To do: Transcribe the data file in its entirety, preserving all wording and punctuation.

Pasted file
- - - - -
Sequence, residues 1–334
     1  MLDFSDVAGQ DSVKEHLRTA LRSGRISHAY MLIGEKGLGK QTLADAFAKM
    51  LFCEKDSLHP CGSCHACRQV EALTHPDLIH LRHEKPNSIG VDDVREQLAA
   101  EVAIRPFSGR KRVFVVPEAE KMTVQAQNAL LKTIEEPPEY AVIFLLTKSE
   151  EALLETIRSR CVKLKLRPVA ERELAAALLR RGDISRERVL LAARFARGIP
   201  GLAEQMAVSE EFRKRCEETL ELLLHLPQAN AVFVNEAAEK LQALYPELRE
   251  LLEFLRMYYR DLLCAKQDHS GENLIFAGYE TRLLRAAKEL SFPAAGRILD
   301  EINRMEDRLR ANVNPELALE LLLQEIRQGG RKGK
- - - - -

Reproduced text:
Sequence, residues 1–334
     1  MLDFSDVAGQ DSVKEHLRTA LRSGRISHAY MLIGEKGLGK QTLADAFAKM
    51  LFCEKDSLHP CGSCHACRQV EALTHPDLIH LRHEKPNSIG VDDVREQLAA
   101  EVAIRPFSGR KRVFVVPEAE KMTVQAQNAL LKTIEEPPEY AVIFLLTKSE
   151  EALLETIRSR CVKLKLRPVA ERELAAALLR RGDISRERVL LAARFARGIP
   201  GLAEQMAVSE EFRKRCEETL ELLLHLPQAN AVFVNEAAEK LQALYPELRE
   251  LLEFLRMYYR DLLCAKQDHS GENLIFAGYE TRLLRAAKEL SFPAAGRILD
   301  EINRMEDRLR ANVNPELALE LLLQEIRQGG RKGK